The Complete Poems of Anna Akhmatova translated by Judith Hemschemeyer

See also:

Scatter, Adapt, and Remember by Annalee Newitz

Muslim Girl by Amani Al-Khatahtbeh

Daring to Drive by Manal al-Sharif

Jul 11, 2017

Amanda and Jenn discuss Asian sci-fi, books about mental illness, starter graphic novels, and more in this week's episode of Get Booked.

This episode is sponsored by Goodbye, Vitamin by Rachel Khong and Meddling Kids by Edgar Cantero.




1. I have never read a graphic novel but am excited to get into them. However I really am just not into fantasy or sci fi. Where should I start? Thank you!


2. Hi, I am looking for science fiction set in Asia by Asian writers for my bookclub and to read something in the vein of #ownvoices. I would prefer it not to be YA, but it is not a requirement. I tend to like science fiction with great characters over great science.


3. Hey Jenn and Amanda,

I've been thinking and don't know how I missed this in my reading life. But some of my favorite movies are multi-generational female-lead stories that jump back and forth in their timelines. Examples are movies like Fried Green Tomatoes, How to Make an American Quilt, and Now and Then. Please help correct this 90's kid's need for some lady-friendships books.


4. I recently read The Vegetarian and I found it absolutely incredible. I have made it a mission to try to read other translated books. What are some suggestions you have? Thanks


5. Can you please recommend books with characters with mental illness? I recently been diagnosed with bipolar disorder and it really helps reading about characters that go through similar experiences. I read 'It's kind of a funny story' 'The rest of us just live here' and 'All the bright places'. I enjoy YA, but I would like to read other genres as well. (I usually like my books as diverse as possible)
Thank you for your help!


6. You two seem to know a lot about diversity in fiction so I figured I'd ask you two instead of taking my question to google (I figure you both will offer me better quality recs). So I'm a big reader of fantasy. It's always been my favorite, and preferred reading genre. However I'm also a gay man who enjoys reading about gay men (preferably if a romance is involved), so to find that I've pretty much had to go outside the fantasy genre for that one. I'd love it if I could read a (quality) fantasy novel with gay characters, and maybe a little bit of romance.
I'm so excited to hear what you two have to recommend, this is my favorite podcast, and I've read so many amazing books because of you two.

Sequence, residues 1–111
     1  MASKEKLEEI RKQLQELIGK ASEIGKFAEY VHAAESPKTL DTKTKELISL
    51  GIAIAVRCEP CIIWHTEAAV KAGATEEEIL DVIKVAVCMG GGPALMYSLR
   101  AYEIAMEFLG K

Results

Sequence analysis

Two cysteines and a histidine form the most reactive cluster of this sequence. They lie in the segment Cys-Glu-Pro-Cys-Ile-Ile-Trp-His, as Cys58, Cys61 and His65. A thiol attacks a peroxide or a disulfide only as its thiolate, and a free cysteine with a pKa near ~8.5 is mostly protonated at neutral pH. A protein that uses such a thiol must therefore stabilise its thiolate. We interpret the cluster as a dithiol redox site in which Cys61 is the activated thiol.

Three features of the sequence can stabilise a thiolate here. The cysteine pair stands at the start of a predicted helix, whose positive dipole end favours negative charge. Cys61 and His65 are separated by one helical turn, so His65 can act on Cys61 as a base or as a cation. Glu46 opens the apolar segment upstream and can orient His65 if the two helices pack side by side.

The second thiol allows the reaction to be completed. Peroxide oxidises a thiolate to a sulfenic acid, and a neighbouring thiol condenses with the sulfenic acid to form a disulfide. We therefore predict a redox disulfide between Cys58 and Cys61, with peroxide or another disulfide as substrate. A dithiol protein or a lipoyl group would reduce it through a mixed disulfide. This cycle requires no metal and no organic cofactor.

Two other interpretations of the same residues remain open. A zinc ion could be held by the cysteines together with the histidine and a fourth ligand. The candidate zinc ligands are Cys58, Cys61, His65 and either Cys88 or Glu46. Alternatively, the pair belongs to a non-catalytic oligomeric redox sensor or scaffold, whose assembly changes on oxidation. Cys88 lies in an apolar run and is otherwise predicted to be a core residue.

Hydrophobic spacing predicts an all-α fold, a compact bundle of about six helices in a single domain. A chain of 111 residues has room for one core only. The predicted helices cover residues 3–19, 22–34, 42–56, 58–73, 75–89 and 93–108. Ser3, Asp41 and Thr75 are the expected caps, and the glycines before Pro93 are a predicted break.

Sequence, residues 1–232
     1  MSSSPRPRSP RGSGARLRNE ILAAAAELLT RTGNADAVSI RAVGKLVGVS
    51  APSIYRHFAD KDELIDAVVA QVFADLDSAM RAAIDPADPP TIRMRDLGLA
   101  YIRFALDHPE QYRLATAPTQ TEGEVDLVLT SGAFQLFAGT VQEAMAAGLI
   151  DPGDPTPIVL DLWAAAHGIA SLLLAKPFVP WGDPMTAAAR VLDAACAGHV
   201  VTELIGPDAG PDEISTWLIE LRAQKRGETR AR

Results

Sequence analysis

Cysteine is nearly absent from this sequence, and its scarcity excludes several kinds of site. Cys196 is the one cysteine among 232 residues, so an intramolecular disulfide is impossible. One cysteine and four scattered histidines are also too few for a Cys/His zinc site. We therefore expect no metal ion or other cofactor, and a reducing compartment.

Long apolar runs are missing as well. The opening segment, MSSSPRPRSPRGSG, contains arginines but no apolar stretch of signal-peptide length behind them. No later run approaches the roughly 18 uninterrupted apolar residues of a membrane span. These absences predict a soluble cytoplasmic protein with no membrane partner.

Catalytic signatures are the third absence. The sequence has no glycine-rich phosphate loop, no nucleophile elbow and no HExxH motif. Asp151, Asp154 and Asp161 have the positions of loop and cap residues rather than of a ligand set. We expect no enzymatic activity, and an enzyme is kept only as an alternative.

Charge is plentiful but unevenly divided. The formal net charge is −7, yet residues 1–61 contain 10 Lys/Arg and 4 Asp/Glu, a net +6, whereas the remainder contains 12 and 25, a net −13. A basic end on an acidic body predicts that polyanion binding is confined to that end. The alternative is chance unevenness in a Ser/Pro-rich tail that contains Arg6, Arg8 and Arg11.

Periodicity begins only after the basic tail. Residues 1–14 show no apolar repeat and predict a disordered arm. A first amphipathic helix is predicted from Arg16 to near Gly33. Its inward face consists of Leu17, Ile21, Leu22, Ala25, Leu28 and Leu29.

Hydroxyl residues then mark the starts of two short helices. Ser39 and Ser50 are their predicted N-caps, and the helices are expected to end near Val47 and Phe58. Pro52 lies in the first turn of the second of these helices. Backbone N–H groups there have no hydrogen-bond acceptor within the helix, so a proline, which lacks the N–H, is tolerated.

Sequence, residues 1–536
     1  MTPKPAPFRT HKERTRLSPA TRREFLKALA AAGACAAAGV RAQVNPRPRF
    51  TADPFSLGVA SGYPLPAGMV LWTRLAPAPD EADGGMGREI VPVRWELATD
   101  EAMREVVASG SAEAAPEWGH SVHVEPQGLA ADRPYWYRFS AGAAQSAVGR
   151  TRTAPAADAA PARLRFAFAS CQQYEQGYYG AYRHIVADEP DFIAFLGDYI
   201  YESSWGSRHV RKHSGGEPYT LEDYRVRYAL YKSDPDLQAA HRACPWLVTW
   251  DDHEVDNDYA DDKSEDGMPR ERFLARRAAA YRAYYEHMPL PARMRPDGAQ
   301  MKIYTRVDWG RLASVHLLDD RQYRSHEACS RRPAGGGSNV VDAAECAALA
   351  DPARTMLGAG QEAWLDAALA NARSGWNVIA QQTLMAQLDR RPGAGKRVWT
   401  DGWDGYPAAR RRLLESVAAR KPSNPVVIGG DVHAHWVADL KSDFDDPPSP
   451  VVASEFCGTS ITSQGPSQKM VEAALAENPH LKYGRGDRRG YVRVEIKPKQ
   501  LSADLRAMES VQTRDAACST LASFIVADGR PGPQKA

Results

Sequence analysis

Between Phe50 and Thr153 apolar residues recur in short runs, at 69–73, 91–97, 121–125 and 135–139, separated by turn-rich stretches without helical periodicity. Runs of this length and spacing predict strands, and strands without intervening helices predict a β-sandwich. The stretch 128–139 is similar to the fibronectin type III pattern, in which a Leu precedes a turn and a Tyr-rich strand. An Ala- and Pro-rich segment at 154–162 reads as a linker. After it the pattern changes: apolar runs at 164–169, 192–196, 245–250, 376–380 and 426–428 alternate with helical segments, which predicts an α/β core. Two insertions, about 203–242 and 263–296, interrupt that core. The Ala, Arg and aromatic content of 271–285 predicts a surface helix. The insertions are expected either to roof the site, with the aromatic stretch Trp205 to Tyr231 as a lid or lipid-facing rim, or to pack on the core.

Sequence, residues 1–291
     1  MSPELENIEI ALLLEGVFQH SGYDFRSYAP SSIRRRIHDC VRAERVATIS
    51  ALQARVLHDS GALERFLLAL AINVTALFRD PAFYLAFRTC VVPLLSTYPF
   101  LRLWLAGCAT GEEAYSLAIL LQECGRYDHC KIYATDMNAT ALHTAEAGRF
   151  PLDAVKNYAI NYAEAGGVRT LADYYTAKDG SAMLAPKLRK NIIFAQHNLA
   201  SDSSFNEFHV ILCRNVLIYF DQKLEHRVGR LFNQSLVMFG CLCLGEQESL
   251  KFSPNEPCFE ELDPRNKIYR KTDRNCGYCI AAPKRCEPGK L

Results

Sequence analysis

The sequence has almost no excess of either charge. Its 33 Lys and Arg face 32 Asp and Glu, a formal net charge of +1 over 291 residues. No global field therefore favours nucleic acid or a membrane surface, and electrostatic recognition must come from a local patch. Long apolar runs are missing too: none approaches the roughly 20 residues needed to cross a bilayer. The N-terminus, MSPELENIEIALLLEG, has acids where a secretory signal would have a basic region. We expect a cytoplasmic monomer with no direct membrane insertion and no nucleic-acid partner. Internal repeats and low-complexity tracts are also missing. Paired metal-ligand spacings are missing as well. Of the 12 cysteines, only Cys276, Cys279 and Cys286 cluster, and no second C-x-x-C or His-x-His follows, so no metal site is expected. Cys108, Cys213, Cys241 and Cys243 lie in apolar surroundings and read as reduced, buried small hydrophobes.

7. I'm trying to get into post apocalyptic books, but don't know where to start. I recently read Station 11, and now I want more. There seems to be no shortage of YA post apocalyptic novels, but I've read several, and so far have not liked any of the ones I have read. I've never NOT liked YA, but I've never been too crazy about it either, so I figure I better look at 'adult' (I'M SO SORRY. I DON'T LIKE CALLING IT THAT EITHER) books of the genre.
Thanks so much you two! I can't wait to hear what you two have to recommend.


8. I am a sucker for sad books, especially those that revolve around loneliness. The History of Love, Everything I Never Told You, and Oryx and Crake (is that an odd third?) were all fantastically devastating for me. I am looking for recommendations that will send me to that despairing place in the company of the fictional.


Books Discussed


The Rise and Fall of D.O.D.O. by Neal Stephenson and Nicole Galland

Isaac’s Storm by Erik Larson

March, Book 1 by John Lewis

This One Summer by Mariko Tamaki and Jillian Tamaki

Invisible Planets, edited by Ken Liu

The Sea Is Ours, edited by Jaymee Goh and Joyce Chng

The Joy Luck Club by Amy Tan

Mama Day by Gloria Naylor

Penance by Kanae Minato, translated by Philip Gabriel

The Queue by Basma Abdel Aziz, translated by Elisabeth Jaquette

Haldol and Hyacinths by Melody Moezzi

Hyperbole and a Half by Allie Brosh

Captive Prince by CS Pacat

Amberlough by Lara Elena Donnelly

The Age of Miracles by Karen Thompson Walker

Borne by Jeff VanderMeer

Shelter by Jung Yun

A Girl is a Half-Formed Thing by Eimear McBride

Jul 5, 2017

Amanda and Jenn discuss Scotland reads, Cuban fiction, mind-blowing YA, and more in this week’s episode of Get Booked.

This episode is sponsored by The Separatists by Lis Wiehl and Libby.




1. Hi Ladies!

I’ve always wondered if I’d have a need to send in a request to tap into your endless knowledge of books, and the need arose this week! I have been clerking for a federal judge for the past year. My time is quickly coming to an end in early August. Chambers is a tight-knit family of four. I’d love to give a book to each of my colleagues as a going away present and would love help with that!

Judge: Is an AVID golfer. I mean really avid. Do you have any good recommendations for golf coffee table books or a narrative nonfiction book about golf? Or really anything golf related? If that is too niche, he also enjoys legal thrillers a la John Grisham, but I would like to recommend him something in that vein but perhaps less mainstream?
Judicial assistant: She LOVES to cook. And she is a healthy eater. I think she would enjoy something that focuses on fresh, organic ingredients. She’s also from Florida. Do you have any great cookbook recommendations?
Co-clerk: Loves the outdoors and national parks. Avid hiker. I’m thinking a memoir where the author goes on a hiking trip or writes about their time exploring nature etc.